Developer Carl Dranoff has a history of going in early -- maybe too early. His Packard Building rehab came more than a decade before the North Broad Street ex-factory district became a popular condo-apartment-restaurant destination. His Left Bank in University City, his conversion of the RCA Victrola factory in Camden, were also ahead of the market. His Locust on the Park was nine years ahead of the Schuylkill park rehab that gave it the name.
Dranoff's South Broad projects, by contrast, have been timely. His Symphony House condos and 777 South Broad apartments are full enough that he's started work on the 85-unit Southstar apartments. "It's not the biggest project we've done, but a crucial project," says Dranoff, as crews pound pilings along Broad Street to protect the subway.
"This stands at what was a dead zone -- right at the crossroads of South St., our bohemian avant-garde counterculture street -- and by the way, the west side of South St. is absolutely booming - and the arts-culture-dining scene of Broad Street, the Kimmel, the University of the Arts, the night life scene, the closest thing we have in Philadelphia to a 24/7 street. Our own Park Ave. Our Broadway-meets-Central Park West."
Dranoff bought the property from the Philadelphia Industrial Development Corp., that city/Chamber of Commerce land-banking partnership, which "finally decided this was a good time to move forward here," and put out a request for proposals in 2011. The architect is JKR (Jerry Roller's firm), the builder is all-union Clemens Construction, both of which are based on Walnut, a few blocks away. There's to be a fancy restaurant (Dranoff says he's looking), and a couple of stores, and corner-mounted glass prisms rainbowing sunlight over the canopy shielding the South Street subway entrance. In short, "You don't need a car to live here."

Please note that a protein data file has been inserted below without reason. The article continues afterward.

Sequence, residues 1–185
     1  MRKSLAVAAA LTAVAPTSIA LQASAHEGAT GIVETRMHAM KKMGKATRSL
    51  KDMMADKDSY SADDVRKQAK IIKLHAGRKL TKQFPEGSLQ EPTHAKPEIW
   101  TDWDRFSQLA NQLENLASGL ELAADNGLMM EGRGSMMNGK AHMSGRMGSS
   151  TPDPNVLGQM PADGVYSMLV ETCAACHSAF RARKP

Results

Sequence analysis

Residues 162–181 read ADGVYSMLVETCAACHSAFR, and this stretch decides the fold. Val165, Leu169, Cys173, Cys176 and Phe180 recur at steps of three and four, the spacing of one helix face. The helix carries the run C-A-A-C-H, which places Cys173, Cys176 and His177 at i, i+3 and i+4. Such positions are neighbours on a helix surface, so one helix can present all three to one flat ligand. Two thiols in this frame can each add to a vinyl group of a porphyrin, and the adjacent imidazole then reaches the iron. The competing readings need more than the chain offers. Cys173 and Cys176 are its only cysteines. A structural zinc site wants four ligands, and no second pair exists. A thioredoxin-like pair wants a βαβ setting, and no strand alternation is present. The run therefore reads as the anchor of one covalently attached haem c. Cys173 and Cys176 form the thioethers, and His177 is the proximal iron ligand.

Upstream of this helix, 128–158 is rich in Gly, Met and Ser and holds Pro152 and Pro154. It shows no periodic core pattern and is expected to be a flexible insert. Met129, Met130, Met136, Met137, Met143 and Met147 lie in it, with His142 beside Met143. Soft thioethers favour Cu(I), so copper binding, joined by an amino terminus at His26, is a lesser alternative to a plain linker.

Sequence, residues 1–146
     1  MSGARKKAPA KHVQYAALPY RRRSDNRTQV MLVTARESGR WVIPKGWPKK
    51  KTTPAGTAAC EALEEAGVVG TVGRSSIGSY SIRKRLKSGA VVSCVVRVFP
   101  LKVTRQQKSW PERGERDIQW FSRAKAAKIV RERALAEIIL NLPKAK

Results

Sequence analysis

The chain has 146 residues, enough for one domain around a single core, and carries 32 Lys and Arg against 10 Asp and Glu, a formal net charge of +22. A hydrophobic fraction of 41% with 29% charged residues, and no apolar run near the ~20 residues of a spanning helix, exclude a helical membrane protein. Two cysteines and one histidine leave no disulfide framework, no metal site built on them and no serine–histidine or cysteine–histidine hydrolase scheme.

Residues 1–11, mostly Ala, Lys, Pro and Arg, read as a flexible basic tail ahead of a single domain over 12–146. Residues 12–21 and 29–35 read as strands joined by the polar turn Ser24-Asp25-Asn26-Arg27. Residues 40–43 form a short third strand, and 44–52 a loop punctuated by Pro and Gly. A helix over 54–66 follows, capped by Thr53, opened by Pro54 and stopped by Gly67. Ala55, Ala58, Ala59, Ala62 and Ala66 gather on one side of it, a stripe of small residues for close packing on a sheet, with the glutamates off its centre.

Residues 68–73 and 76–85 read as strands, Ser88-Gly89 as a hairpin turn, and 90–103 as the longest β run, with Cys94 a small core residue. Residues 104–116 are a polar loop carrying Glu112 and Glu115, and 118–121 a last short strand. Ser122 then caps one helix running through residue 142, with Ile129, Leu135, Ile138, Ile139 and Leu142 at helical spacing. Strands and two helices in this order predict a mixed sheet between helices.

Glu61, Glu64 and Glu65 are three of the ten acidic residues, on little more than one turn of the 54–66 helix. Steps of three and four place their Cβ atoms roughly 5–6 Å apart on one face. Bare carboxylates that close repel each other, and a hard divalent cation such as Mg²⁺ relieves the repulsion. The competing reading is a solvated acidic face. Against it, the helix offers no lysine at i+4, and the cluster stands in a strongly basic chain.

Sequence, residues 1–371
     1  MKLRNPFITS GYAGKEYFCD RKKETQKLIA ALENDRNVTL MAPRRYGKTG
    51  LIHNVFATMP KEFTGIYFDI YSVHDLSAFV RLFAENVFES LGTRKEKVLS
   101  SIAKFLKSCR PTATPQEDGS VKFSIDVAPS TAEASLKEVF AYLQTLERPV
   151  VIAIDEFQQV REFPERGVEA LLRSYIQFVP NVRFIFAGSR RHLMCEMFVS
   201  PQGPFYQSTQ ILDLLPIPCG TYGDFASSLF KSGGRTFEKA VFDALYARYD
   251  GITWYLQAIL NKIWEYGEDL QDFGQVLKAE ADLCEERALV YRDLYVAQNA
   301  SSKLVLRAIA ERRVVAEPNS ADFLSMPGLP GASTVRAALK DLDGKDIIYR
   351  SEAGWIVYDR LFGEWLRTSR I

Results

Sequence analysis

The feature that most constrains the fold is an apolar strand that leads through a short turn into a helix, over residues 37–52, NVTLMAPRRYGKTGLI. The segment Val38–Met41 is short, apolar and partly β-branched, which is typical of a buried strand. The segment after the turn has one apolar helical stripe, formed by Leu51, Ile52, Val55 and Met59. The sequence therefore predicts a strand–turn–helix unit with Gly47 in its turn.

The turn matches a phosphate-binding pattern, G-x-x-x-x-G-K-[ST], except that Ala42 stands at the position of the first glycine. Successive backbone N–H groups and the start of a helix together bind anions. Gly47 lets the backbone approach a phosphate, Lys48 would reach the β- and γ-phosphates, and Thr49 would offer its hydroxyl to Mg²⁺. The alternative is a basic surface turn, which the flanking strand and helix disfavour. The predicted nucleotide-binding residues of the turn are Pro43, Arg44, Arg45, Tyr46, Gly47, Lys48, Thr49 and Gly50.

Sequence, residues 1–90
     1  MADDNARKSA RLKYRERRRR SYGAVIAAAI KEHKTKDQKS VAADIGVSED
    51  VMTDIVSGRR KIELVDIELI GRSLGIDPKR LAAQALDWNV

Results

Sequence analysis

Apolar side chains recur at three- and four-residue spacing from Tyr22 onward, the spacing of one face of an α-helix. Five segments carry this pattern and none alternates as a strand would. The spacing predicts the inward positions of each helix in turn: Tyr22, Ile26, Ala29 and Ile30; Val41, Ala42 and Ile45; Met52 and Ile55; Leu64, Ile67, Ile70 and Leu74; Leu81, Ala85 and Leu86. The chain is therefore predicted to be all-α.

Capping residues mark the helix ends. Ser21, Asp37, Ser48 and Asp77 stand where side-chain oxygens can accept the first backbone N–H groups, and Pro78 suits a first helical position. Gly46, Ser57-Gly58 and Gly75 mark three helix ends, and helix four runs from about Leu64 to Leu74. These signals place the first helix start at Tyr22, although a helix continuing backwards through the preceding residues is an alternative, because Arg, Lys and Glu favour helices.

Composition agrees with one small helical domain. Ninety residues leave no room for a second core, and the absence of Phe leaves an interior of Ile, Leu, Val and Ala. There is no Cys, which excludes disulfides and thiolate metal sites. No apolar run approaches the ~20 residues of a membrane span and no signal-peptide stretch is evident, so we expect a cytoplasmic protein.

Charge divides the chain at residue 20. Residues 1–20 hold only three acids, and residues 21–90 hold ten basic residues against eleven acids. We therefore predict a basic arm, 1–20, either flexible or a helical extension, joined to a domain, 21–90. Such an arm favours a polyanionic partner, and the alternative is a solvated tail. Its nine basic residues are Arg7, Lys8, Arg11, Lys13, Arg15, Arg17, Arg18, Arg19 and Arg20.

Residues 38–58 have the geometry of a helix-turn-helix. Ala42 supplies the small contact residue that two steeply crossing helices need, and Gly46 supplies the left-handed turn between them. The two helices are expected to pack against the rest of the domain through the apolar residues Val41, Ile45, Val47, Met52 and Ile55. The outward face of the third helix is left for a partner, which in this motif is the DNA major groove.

He's also hoping to start later this year on 123 apartments near the Ardmore Septa station, with a parking deck and a row of stores along Cricket Ave, near the long-delayed, state-subsidized Septa station upgrade, which has been delayed by federal-state-township-Septa-Amtrak misalignment since at least the early 2000s. "We've been waiting in the queue for five years," Dranoff told me. "In general, in Lower Merion, zoning is very difficult to secure. There have not been a lot of apartments built in the township since the 1970s. There is a lot of pent-up demand." The Nolen and O'Neill projects on Righters Mill Road are also near approval.
Will 1,000 or more new apartments change Lower Merion? "It's a big township, with over 50,000 people," says Dranoff. "There are plenty of apartment dwellers living at (Dranoff's) Venice Island in Manayunk and other places who are commuting to Lower Merion who would rather live (in Lower Merion.) This Ardmore project is an anchor that will revitalize that business area."